New Alzheimer's report highlights cost of the disease - KWWL - Eastern Iowa Breaking News, Weather, Closings

New Alzheimer's report highlights cost of the disease

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CEDAR RAPIDS (KWWL)-The East Central Iowa Chapter of the Alzheimer's Association today released new statistics indicating that healthcare costs are more than three times higher for people with Alzheimer's and other dementias than for other people age 65 and over.

This new information comes from the Alzheimer's Association's 2009 Alzheimer's Disease Facts and Figures.

In this new report, total healthcare costs are calculated as per person payments from all sources. Medicare payments alone are almost three times higher for people with Alzheimer's and dementia than for others over age 65; Medicaid payments alone are more than nine times higher.

"With an aging baby boomer population and the country facing unprecedented economic challenges, it is more important than ever the Alzheimer crisis be dealt with," said Kelly Hauer, the executive director of the Alzheimer's Association's East Central Iowa Chapter. "Alzheimer's impact on Iowa is not to be underestimated, with as many as 69,000 people living with the disease in 2010 and an estimated 77,000 living with the disease by 2025 - it is clear every effort must be made to address this disease now."

According to the report, there are 5.3 million Americans living with Alzheimer's disease. Every 70 seconds someone in America develops the disease and by mid-century someone will develop Alzheimer's every 33 seconds.

People with Alzheimer's are high consumers of hospital, nursing home and other health and

long-term care services, which translates into high costs for Medicare, Medicaid and millions of families. As families struggle to survive in a deepening recession and states grapple with budget shortfalls, Alzheimer's disease threatens to overwhelm them both.

With family members providing care at home for about 70 percent of people with Alzheimer's disease, the ripple effects of Alzheimer's disease can be felt throughout the entire family unit. According to Facts and Figures, in 2008, nearly 10 million Alzheimer caregivers in the U.S. provided 8.5 billion hours of unpaid care valued at $94 billion. In Iowa alone, there were 96,292 caregivers, providing 83,119,307 hours of unpaid care for a loved one with Alzheimer's or another dementia valued at $922,624,309 dollars.

Implications for States

Alzheimer's is now the sixth leading cause of death in the United States, surpassing diabetes. The latest available data show that there were 1,082 deaths from Alzheimer's in Iowa. As deaths from other chronic conditions like heart disease and stroke continue to fall, more Iowa residents will live long enough to develop Alzheimer's disease with profound effects on families and state budgets. To plan for this rapidly growing problem, states need accurate and reliable information about the characteristics and needs of their residents who are coping with Alzheimer's and other dementia. An existing survey process is the most efficient way to obtain this information. The Behavioral Risk Factors Surveillance System (BRFSS) is an annual state public health survey done in conjunction with the Centers for Disease Control and Prevention (CDC).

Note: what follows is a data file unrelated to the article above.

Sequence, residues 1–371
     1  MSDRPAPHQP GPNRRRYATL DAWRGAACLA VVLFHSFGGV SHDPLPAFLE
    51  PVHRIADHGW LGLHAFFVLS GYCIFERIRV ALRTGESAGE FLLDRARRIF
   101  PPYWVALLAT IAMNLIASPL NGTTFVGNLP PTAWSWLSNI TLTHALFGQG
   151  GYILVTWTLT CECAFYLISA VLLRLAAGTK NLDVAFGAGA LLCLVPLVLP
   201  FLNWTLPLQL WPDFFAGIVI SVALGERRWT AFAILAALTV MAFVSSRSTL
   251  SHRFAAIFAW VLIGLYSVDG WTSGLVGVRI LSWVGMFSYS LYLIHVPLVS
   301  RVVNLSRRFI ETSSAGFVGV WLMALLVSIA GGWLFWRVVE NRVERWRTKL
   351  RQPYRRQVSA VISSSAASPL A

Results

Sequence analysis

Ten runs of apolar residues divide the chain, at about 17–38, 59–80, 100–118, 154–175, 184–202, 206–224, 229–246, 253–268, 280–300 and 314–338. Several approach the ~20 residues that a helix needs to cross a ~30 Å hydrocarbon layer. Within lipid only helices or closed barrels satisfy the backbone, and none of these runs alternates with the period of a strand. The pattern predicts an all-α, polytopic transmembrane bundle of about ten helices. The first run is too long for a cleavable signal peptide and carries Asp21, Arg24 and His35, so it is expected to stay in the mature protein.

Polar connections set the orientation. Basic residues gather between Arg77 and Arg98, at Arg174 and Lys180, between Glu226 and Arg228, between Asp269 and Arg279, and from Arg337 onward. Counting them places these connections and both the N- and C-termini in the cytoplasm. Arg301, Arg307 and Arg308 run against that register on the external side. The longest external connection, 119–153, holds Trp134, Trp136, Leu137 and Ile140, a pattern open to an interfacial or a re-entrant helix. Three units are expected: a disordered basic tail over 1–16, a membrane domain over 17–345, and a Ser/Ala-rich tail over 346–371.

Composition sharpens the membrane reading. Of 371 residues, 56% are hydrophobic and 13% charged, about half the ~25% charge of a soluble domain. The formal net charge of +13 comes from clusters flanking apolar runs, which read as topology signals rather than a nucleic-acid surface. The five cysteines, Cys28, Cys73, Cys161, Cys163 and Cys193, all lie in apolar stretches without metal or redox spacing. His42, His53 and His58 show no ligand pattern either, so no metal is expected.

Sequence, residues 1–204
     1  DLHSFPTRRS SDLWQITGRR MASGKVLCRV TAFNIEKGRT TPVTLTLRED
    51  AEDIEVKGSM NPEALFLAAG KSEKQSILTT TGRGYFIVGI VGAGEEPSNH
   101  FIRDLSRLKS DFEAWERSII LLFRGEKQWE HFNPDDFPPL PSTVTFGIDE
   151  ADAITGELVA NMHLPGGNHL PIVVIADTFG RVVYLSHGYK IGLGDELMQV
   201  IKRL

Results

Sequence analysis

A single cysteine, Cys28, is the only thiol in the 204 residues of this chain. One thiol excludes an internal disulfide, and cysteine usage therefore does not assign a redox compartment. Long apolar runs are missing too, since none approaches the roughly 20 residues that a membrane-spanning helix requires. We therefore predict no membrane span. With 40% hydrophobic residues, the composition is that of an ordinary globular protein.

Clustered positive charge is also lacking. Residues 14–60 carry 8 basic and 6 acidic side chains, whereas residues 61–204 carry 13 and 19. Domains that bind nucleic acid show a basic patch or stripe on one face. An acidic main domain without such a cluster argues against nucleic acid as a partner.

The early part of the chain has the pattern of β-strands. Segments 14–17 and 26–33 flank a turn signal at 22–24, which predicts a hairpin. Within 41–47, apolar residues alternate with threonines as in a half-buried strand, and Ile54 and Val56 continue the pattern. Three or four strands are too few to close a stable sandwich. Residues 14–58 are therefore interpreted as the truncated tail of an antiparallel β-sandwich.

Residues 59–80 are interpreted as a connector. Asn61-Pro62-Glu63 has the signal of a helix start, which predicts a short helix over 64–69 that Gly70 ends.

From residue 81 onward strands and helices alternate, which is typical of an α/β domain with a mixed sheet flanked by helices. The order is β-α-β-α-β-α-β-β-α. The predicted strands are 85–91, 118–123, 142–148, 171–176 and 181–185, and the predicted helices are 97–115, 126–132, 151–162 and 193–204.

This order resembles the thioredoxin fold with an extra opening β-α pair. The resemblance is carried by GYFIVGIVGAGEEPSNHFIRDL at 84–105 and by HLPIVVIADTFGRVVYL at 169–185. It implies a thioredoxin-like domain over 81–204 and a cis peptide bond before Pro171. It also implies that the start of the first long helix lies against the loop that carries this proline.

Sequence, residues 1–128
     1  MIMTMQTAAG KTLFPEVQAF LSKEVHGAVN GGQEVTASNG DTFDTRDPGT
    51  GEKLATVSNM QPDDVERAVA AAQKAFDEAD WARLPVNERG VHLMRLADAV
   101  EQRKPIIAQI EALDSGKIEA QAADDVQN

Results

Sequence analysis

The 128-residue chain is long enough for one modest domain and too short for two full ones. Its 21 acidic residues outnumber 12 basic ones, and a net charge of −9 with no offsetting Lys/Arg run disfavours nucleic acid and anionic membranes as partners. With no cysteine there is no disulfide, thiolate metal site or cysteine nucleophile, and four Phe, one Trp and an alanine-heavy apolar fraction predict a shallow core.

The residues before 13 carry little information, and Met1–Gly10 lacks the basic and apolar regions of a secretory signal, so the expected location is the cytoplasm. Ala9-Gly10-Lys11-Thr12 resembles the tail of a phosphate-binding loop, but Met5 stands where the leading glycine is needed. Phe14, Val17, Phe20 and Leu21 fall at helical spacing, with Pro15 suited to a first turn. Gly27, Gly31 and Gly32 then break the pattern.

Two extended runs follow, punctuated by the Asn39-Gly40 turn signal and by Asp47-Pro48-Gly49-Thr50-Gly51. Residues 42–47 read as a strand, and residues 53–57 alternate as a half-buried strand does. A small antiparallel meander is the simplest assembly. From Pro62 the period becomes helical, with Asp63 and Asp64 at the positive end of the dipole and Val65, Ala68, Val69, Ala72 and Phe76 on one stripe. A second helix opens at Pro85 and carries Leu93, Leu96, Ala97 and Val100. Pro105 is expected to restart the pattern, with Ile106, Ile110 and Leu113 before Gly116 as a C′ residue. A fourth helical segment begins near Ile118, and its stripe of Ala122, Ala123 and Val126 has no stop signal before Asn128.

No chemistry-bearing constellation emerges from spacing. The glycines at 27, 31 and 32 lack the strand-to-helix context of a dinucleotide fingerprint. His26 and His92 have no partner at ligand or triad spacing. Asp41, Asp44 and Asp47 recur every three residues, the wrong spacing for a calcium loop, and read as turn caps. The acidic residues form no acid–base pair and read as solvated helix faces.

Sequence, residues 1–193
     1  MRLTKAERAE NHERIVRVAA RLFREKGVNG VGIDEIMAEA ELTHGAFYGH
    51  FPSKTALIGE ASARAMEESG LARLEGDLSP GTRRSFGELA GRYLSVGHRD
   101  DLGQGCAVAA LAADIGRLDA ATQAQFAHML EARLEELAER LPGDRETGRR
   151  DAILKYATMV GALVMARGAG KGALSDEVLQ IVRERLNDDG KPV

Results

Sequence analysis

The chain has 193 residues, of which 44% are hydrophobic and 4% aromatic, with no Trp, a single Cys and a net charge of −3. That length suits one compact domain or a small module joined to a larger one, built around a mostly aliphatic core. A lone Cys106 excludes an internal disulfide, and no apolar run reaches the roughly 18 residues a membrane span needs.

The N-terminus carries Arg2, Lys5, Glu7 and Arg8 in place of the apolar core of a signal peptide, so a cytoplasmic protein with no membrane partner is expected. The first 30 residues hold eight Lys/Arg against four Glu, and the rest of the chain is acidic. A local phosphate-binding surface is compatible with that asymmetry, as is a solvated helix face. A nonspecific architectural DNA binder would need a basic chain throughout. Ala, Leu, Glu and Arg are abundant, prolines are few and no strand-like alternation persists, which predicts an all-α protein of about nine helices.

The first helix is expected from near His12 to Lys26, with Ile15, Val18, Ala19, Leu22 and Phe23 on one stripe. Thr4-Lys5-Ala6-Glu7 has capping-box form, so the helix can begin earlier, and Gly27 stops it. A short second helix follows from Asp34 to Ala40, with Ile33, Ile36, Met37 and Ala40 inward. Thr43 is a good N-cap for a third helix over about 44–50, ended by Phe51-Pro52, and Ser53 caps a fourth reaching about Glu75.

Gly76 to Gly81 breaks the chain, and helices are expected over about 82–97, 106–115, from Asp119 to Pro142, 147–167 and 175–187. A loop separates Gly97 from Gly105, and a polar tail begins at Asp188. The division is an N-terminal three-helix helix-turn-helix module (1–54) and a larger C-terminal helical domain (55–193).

Since 2003, some states have added questions about caregiving for people with Alzheimer's and other dementias in their BRFSS surveys. The new Facts and Figures report highlights the BRFSS survey findings from the states of Washington and North Carolina. The BRFSS survey allows residents to say for themselves what their challenges are.

Beginning this year, an approved set of family caregiving questions is available for all states to add to their BRFSS survey, and another set of questions on cognitive impairment is being developed for 2010. States that include these questions in the BRFSS surveys will have the information they need to develop and deliver essential services to the growing number of families coping with Alzheimer's and other dementias.

The full text of the Alzheimer's Association's 2009 Alzheimer's Disease Facts and Figures can be viewed at www.alz.org.

The Alzheimer's Association

The Alzheimer's Association is the leading voluntary health organization in Alzheimer care, support and research. Our mission is to eliminate Alzheimer's disease through the advancement of research; to provide and enhance care and support for all affected; and to reduce the risk of dementia through the promotion of brain health. Our vision is a world without Alzheimer's. For more information, visit www.alz.org/eci.

Online Reporter:  Ron Steele

rsteele@kwwl.com

   

 

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